Donohoe may seek Dáil deal to sell off more chunks of AIB
Finance Minister Paschal Donohoe said he may push to sell more of AIB sooner than planned, after yesterday's part-privatisation of the bailed-out bank completed without a hitch.
Selling more of the bank would require sign-off from the Cabinet, including Independent TDs.
Bernard Byrne, AIB's CEO, described the successful listing as a "landmark day for the bank", and said the State had now recovered "almost €10bn" of the €21bn cost of bailing out the country's biggest bank seven years ago.
The shares priced initially at €4.40 each, the midpoint of a range guided by investment banks running the deal. The sale of the 25pc stake valued AIB at €12bn.
A rise of as much as 7pc in AIB's shares in the immediate wake of yesterday's share sale prompted Social Democrat TD Catherine Murphy to accuse the Government of "selling off the family silver", though the price move was short-lived, and market sources said was driven by funds that missed out on the initial share allocation looking to buy into the deal.
Banks running the process for the State can now take the opportunity of continued investor demand to sell an additional 3.75pc of the lender, in what is known in the markets as a "green shoe".
It means the Exchequer will take in €3.4bn in cash, in all.
The cash will go to reduce the national debt, in line with European budget rules and the views of recently retired finance minister Michael Noonan.
Mr Donohoe and Taoiseach Leo Varadkar have both indicated their preference for a looser approach to spending in recent weeks, but yesterday both insisted the AIB proceeds would be allocated for debt reduction.
Commenting at the close of his first EU leaders' summit in Brussels, the Taoiseach said paying down debt was "the prudent and right thing to do", since the bank rescue funds were borrowed money to begin with. EU public spending limits were separate to the decision to pay down debt, he said.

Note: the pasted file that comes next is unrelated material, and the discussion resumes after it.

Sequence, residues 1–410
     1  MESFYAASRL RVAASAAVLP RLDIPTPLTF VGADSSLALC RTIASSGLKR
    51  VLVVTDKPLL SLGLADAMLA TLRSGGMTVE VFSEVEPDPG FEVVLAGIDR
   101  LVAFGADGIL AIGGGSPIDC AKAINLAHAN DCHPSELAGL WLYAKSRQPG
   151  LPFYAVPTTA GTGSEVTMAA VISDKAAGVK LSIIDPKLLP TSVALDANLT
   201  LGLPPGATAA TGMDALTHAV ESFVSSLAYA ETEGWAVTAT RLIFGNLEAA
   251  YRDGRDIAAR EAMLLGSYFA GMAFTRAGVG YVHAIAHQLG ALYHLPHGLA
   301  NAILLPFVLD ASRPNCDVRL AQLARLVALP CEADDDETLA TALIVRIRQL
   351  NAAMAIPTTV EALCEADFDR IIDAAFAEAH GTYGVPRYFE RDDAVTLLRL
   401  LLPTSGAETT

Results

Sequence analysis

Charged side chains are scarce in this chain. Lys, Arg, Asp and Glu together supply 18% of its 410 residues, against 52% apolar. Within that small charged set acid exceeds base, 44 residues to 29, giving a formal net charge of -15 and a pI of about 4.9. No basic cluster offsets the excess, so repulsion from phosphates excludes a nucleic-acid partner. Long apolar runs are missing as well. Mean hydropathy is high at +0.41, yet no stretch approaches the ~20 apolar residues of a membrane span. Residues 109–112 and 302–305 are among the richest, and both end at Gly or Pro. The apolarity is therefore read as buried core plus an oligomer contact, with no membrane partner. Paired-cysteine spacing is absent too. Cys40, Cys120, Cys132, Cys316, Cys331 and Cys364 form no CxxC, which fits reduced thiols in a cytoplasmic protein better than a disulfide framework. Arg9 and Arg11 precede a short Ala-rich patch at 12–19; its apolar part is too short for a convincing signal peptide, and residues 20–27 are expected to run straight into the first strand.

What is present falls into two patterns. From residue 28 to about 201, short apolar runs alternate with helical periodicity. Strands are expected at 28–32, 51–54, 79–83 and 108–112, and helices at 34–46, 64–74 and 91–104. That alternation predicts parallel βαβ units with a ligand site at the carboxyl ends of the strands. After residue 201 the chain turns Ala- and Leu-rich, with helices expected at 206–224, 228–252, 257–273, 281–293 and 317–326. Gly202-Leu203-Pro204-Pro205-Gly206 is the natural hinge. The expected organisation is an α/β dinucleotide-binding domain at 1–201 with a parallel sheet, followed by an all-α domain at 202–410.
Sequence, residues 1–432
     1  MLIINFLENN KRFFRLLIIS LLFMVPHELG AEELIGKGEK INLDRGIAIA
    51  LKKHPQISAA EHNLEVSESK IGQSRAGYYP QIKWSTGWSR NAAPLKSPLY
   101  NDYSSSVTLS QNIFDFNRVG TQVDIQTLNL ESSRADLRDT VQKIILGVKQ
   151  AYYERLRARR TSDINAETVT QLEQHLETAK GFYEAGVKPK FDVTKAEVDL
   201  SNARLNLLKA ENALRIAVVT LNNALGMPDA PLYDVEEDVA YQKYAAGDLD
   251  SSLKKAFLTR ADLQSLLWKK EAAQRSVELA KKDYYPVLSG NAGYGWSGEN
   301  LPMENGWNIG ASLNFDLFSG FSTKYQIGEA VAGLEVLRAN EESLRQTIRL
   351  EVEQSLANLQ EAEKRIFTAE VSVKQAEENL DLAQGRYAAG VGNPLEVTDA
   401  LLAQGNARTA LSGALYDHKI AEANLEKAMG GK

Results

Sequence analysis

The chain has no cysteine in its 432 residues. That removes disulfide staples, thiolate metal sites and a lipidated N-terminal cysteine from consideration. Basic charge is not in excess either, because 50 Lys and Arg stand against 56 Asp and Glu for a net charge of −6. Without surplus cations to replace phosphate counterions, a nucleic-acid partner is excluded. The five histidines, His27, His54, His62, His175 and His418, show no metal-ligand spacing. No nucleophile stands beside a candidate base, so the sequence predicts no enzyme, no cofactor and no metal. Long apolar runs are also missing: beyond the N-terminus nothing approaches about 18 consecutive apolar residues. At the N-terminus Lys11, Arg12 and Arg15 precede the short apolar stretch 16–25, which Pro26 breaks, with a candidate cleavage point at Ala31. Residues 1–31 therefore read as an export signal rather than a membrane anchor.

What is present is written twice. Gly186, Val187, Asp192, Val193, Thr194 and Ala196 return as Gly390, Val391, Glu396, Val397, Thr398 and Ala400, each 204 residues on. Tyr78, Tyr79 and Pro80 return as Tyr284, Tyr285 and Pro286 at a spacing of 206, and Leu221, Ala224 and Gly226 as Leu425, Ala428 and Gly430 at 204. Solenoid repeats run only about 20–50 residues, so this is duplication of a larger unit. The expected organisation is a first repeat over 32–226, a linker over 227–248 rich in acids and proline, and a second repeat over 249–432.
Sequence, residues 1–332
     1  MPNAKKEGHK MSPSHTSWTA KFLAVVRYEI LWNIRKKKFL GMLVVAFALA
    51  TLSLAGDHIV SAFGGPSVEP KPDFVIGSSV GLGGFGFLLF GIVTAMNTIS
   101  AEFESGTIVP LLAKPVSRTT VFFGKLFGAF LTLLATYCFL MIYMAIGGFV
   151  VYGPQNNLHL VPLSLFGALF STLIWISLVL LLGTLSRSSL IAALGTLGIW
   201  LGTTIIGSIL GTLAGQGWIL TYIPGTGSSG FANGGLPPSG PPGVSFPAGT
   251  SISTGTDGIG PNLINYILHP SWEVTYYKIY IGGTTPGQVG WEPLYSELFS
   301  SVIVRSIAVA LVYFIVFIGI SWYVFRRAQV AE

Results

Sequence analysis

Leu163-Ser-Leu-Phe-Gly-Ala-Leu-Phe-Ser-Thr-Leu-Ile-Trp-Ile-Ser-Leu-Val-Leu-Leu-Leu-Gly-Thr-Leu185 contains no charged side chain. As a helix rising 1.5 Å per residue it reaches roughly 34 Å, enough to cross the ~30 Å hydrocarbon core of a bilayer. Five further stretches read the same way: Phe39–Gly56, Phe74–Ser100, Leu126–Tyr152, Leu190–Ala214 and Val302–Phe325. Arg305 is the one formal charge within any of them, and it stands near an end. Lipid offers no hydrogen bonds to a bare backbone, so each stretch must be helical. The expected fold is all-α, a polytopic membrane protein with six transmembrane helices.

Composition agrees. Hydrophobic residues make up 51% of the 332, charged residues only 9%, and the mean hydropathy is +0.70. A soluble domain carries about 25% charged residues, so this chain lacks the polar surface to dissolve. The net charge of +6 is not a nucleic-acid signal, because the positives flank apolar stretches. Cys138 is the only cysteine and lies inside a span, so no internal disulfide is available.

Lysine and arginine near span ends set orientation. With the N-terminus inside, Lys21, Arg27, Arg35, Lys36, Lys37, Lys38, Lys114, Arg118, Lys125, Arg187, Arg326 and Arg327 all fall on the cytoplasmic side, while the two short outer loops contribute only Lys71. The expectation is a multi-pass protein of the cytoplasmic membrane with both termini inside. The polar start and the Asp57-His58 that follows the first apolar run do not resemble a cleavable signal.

Mr Varadkar said he wanted to see more public infrastructure investment, but that it had to comply with EU limits. He also argued that increased public spending of itself did not necessarily boost infrastructure delivery, as it also risked fuelling inflation.
Mr Donohoe said the money should be used to reduce debt, regardless of EU rules, "but if those rules were not there, I would still argue that the right thing to do is, when we have the ability to get down our debt, we should do it". He said taxpayers' overtime would recoup all of the money pumped into AIB after the crash.
Labour leader Brendan Howlin, however, said debt reduction would "deliver no meaningful benefit to the Irish people".
"At a time when we have a major housing crisis, and when there are calls for substantial additional investment in hospitals, in schools and in public transport, this isn't good enough," he said.
The national debt shot up five-fold after the crisis to around €200bn.
After the share sale, Mr Donohoe said he would revisit a policy set out in the programme for government to sell a maximum 25pc of any State-owned bank by the end of 2018, should the right opportunities arise.
That would mean seeking political approval, in particular from Independent TDs supporting the Coalition.